Officials at Florida State University are advising all students that live on or near campus to sanitize their houses after an outbreak of a virus usually contracted by infants and toddlers.
Called hand, foot and mouth disease, the virus has struck several students who live on campus.
“We are aware of more than a dozen cases so far,” said Lesley Sacher, director of the FSU Health and Wellness Center in a university release.
Hand, foot and mouth disease is a “common viral illness” usually contracted by infants and children under the age of five, but can sometimes occur in adults. There is no treatment for the the virus, which can cause mouth sores, skin rashes and fever, according to the Center for Disease Control.
But, the CDC warns, adults can show no symptoms at all and still pass the virus on to others. University officials say the infection takes about five days to run its course.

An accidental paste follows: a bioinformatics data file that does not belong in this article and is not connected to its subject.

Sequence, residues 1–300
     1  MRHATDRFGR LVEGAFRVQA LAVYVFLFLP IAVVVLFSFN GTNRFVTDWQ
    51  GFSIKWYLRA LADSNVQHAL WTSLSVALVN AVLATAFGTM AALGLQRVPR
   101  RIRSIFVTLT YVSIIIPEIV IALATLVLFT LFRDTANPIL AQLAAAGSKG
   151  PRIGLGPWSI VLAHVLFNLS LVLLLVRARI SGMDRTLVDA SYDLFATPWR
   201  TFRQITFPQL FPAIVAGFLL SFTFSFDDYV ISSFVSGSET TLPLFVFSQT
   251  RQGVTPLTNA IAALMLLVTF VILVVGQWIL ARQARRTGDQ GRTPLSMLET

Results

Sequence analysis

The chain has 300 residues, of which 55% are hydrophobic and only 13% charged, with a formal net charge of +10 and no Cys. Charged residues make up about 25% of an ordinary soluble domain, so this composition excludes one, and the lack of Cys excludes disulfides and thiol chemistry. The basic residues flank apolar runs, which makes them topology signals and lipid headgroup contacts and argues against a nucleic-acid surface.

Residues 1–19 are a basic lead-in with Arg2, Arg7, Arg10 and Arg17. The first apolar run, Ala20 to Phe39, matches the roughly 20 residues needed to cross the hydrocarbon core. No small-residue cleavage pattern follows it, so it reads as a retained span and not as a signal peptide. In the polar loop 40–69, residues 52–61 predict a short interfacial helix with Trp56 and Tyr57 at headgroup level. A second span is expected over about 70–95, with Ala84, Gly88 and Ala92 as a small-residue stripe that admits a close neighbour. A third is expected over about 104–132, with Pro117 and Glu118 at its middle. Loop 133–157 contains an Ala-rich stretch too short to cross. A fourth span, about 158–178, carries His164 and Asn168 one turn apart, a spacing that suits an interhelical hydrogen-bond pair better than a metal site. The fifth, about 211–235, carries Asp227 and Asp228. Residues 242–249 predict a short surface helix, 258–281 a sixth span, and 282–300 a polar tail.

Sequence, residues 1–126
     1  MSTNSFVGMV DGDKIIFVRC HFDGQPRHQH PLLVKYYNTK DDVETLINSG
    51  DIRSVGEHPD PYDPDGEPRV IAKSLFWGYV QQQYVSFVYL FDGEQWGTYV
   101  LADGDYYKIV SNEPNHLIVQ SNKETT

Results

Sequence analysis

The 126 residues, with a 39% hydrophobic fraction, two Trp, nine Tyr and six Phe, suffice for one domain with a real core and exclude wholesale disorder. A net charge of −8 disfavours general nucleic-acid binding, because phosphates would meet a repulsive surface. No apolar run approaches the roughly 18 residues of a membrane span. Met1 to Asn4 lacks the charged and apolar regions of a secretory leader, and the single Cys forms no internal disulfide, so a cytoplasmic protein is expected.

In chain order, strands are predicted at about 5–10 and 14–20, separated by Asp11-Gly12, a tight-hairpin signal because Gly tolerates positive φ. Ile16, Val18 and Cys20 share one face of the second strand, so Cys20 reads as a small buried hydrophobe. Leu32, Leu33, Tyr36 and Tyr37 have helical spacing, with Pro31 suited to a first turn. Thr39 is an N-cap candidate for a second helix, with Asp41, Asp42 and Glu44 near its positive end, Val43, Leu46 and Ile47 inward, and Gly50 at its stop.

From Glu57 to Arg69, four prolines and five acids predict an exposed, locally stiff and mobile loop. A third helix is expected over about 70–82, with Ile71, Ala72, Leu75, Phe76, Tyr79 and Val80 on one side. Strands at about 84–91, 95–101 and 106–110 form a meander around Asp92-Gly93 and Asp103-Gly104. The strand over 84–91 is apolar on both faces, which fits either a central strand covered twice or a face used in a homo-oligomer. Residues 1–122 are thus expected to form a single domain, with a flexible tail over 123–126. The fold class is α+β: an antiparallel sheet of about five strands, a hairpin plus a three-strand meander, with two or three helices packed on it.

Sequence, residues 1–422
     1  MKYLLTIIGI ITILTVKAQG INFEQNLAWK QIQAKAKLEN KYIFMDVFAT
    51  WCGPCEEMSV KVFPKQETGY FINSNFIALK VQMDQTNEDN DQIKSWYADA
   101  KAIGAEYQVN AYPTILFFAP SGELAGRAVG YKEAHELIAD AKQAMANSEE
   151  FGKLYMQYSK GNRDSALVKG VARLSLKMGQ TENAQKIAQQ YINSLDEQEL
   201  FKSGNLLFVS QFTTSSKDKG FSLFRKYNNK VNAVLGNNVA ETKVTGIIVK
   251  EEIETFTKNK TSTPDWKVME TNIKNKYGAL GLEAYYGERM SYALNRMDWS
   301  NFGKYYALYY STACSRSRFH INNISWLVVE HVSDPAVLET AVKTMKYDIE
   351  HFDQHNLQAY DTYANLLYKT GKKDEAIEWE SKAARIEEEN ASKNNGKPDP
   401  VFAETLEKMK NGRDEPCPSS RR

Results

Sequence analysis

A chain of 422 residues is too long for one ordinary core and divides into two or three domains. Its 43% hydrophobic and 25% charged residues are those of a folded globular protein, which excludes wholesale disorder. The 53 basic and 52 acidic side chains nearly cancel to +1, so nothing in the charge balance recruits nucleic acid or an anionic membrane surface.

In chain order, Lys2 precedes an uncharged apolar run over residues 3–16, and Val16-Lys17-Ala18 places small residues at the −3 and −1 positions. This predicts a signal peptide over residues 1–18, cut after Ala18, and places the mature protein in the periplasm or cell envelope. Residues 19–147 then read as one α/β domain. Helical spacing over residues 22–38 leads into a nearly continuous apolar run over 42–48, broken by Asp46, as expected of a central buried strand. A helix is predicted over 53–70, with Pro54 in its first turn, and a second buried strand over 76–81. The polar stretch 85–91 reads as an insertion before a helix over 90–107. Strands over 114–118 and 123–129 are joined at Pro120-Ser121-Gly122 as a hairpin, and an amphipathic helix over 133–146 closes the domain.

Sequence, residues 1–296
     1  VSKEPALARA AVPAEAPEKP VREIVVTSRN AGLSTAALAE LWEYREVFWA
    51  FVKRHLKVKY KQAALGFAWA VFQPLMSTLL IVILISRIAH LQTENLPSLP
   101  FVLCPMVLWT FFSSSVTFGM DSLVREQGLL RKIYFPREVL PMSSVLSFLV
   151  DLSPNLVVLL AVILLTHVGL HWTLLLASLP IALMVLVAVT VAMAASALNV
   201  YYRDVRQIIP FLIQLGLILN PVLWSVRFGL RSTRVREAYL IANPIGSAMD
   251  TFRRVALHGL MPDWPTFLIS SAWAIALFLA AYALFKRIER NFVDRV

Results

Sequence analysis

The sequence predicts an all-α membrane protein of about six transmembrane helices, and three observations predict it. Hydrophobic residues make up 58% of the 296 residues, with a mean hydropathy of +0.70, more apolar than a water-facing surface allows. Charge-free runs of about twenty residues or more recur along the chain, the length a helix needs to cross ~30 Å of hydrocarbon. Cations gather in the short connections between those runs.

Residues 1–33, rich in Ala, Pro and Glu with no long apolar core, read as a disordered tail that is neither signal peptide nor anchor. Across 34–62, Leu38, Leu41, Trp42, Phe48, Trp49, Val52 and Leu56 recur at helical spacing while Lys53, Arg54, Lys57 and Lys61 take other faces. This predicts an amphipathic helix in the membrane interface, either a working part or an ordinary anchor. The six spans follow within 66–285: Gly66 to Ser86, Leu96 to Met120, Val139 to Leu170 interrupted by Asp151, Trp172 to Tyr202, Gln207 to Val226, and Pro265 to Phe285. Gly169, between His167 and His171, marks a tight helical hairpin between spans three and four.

It’s a highly contagious disease that can be transmitted from person to person via direct contact with unwashed hands, by coughing and sneezing, or contact with blister fluid or surfaces contaminated with feces, the CDC said.
FSU crews have been wiping down dorms with bleach and enacting "sanitation protocols" for public spaces on campus. The university has advised those who live in fraternity and sorority houses to do the same.
“The most important piece of advice is to wash your hands often with soap and water,” Sacher said.
FSU has reached out to businesses near campus – including restaurants and bars – and encouraged them to sanitize their buildings as well.
Two New Jersey high schools are also grappling with the disease. Kinnelon High School was forced to postone its girls and boys soccer games Thursday after a recent outbreak of hand, foot and mouth disease, NJ.com reported. Last week, Pequannock High School had to reschedule its season-opening football game because of a hand, foot and mouth outbreak, according to The Associated Press.